Startup in the spotlight: TicTag
Smartphones contain all required data about their owners to safeguard who the person is, where the person is and often also what this person wants at a particular moment. This information can open doors – literally. Pieter Heersink, founder of TicTag: ‘For instance, think about the doors of car-sharing vehicles, the homes of older people visited by home care staff, or shared bicycles that you can unlock with your telephone.’ Based in the JIM centre in Utrecht, the TicTag team of currently six people is working on a technology that can open more doors, as well as much more than doors.
From offline to mobile phone
To explain how it works, Heersink first goes back in time and then fast-forwards to future perspectives: ‘About five years ago, we started an app for retailers. We wanted customers to be capable of collecting all loyalty points from different stores in one place, which is their mobile phone. The challenge here was to get these credits from the offline world onto your actual phone.’
The telephone as proof of identity
Although this transfer is already possible with QR codes and NFC chips, those methods apparently involve a number of drawbacks. Heersink explains: ‘They can be copied, they are expensive and they also cannot be used with iPhones. That’s why we came up with another technology, which turns the smartphone into the “digital me” of the telephone owner. To give a few examples, a scan of a customer’s passport, bank details and all kinds of other personal data are often stored in the phone already. As a result, customers can identify themselves with their phone.’ He immediately addresses horror scenarios of stolen identities: ‘If your telephone is stolen, the thief cannot do anything with it because the phone first needs to be unlocked with a fingerprint or face recognition. What’s more, various technologies can be stacked, which ensures even better security.’
From stamp to sticker
While Heersink and his partners were positive about the idea, they were still unhappy with the practical implementation: ‘Initially, we worked with stamps that the retailer pressed against the customer’s phone, after which the loyalty points were credited to the mobile phone. However, we soon saw an opportunity to make this stamp slimmer in the shape of a sticker. You can put these stickers on all kinds of products and objects. In this way, we give control to the customer rather than the supplier. Customers can show who they are and what they want by presenting something to their phone, after which the sticker and the phone communicate with each other to carry out an activity. The sticker is our Version 2.0 with a huge range of applications.’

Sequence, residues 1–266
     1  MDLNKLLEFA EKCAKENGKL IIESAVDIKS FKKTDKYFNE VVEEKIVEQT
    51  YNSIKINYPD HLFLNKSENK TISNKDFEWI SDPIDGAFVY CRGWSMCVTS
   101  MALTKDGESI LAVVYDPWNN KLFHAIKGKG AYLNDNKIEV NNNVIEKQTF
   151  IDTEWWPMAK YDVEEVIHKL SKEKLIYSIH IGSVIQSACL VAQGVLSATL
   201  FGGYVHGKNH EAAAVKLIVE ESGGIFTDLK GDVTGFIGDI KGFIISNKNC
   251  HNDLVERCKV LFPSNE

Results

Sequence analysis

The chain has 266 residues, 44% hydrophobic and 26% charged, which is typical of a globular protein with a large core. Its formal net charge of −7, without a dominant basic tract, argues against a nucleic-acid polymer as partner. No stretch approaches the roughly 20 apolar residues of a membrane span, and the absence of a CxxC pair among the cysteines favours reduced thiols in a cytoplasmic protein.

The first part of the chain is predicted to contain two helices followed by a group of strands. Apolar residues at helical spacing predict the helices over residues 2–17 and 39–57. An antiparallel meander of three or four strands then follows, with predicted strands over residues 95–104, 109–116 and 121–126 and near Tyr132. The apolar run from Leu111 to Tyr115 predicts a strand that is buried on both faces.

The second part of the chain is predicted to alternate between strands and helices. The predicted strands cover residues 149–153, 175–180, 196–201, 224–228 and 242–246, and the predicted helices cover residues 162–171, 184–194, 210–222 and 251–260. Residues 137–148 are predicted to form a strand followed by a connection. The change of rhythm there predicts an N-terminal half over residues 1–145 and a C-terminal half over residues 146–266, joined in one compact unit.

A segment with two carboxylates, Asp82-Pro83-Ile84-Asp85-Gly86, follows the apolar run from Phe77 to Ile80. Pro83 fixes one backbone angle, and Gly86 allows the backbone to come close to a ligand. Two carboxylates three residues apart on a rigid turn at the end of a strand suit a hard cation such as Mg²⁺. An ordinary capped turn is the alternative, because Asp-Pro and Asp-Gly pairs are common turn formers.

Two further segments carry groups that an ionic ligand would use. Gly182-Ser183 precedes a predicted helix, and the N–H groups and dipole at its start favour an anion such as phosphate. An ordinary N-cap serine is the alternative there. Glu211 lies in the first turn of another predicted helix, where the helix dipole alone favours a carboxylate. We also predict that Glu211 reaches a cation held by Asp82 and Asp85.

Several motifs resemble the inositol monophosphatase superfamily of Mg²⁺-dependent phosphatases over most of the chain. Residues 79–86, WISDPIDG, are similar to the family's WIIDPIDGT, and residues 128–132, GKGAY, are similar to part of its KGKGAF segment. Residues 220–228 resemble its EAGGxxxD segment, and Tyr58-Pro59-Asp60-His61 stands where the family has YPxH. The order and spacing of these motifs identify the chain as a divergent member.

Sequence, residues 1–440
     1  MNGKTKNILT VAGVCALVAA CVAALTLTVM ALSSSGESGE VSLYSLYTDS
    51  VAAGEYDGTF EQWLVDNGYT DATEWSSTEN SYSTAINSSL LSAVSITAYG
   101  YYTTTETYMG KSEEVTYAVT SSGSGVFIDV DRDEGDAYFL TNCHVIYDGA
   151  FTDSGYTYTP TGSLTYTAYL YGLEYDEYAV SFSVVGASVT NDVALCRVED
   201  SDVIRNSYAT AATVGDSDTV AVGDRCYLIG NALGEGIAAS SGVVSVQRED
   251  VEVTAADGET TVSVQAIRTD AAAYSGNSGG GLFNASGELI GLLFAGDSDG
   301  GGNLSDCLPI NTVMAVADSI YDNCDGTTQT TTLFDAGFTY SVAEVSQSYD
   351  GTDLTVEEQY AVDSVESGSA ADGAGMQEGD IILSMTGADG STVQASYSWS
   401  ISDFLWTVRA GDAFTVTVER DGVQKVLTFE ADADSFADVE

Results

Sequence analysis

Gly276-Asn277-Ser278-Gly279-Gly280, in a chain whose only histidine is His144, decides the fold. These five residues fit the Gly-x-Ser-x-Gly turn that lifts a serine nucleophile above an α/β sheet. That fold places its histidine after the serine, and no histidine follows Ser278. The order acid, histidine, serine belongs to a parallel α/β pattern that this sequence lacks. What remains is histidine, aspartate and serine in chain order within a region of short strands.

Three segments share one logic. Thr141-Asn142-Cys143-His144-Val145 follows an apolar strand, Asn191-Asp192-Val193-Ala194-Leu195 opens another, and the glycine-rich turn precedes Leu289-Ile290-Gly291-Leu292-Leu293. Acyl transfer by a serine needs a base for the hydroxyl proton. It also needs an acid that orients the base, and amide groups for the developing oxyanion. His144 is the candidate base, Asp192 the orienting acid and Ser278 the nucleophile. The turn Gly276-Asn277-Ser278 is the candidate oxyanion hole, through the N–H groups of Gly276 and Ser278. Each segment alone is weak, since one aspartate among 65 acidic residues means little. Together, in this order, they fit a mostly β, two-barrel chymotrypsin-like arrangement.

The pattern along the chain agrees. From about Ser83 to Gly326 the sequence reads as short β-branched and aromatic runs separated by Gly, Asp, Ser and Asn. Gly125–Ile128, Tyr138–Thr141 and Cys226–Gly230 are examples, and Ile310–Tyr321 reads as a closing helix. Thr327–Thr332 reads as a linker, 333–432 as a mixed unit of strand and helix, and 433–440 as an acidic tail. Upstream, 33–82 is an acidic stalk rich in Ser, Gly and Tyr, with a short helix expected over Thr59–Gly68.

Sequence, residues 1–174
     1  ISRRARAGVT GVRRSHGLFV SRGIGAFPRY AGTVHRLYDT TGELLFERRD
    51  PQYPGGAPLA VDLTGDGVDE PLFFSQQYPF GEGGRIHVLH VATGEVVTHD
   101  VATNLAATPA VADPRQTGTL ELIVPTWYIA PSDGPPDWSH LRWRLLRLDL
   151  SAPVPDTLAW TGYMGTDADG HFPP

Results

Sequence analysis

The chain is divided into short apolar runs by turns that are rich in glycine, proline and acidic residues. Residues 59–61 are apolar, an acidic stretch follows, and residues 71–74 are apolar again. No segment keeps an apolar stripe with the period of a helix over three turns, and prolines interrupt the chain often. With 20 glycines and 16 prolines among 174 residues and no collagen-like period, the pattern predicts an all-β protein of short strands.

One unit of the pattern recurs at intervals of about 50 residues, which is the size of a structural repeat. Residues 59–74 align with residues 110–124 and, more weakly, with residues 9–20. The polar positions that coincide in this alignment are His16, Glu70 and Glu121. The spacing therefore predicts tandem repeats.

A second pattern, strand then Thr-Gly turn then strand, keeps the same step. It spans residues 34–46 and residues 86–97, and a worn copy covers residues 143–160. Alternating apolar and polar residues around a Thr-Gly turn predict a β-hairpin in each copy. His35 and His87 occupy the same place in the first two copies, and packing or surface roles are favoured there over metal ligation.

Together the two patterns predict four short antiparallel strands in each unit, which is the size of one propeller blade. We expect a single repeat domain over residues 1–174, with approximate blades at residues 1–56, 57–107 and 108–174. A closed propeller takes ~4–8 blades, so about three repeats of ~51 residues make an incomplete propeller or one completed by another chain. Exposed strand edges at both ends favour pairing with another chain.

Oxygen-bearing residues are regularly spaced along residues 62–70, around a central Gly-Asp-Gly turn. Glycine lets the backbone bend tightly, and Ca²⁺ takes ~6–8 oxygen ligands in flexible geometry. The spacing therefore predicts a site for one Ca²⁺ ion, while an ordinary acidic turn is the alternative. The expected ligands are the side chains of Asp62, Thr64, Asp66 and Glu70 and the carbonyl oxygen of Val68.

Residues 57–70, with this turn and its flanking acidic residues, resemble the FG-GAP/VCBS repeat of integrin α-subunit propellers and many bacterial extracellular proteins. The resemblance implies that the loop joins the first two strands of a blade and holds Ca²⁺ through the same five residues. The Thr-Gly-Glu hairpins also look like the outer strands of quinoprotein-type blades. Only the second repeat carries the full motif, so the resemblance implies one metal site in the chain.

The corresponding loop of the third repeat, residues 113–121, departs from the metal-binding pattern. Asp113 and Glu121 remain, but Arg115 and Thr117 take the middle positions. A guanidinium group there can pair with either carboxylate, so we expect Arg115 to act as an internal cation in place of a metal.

Since a person’s identity and location are known, all kinds of applications become possible. Car-sharing vehicles can be opened without identity cards, as can the locks of shared bicycles. Tags can be placed in public transport as well. Transport company Arriva is one of the parties which is highly interested in TicTag. For instance, by scanning tags in the bus with your phone, it’s possible to check whether people are actually riding on the bus before they can rate the driver or report a broken seat. This idea brought TicTag into the final round of a challenge organised by Arriva.
More efficient home care in Utrecht with TicTag?
Home care staff can use their smartphone to open client’s doors in a safe and secure manner, after which time registration and action registration are automatically carried out as well. Heersink: ‘We are already doing so for a home care organisation in Deventer, but we would really like to implement this feature in Utrecht as well and roll it out nationally if possible. To this end, however, we need partners. We make the technology, but we’re always looking for IT companies and other organisations which are familiar with the various sectors and which can estimate what benefits TicTag could bring there.’ Heersink still sees many opportunities in the retail sector, where it all started, and he is conducting talks here as well. The customer journey in a store can be optimised: ‘Customers can make shopping lists with their smartphone, scan all the products which bear a TicTag for themselves, get information on the product and its availability, and finally pay for it all on their own in a secure manner, with a little tap of their phone against a tag at the checkout. That little tap is simple and gives the user a sense of control: I take the initiative to pay, to open a door, and so on.’
Pilot projects starting in March 2019
‘We have spent a long time looking for partners and funding. This kind of new technology has to prove itself first. In addition, we use a really novel concept called printed electronics, which means printing on a kind of foil. As it’s still in its infancy, it was a bit of a quest to find companies who can produce it. We found good partners in Germany, proved the technology and applied for patents. This process costs time and money.’ In order to make further progress, TicTag was recently able to acquire further investment and is talking to other possible investors. Heersink explains: ‘This way, we can really complete our product. It is going to be an exciting year, the team is doubling in size and we will be launch our Version 2.0 as from March.’
StartUP ScaleUP MeetUP
Join us on January 30th for the CES edition and find out what a big international event can do for startups (and what not). With CoVince, MiniBrew, TicTag and techie in residence Frank Everaardt (Tweakers) on stage. Hear about their experiences and the newest developments at CES.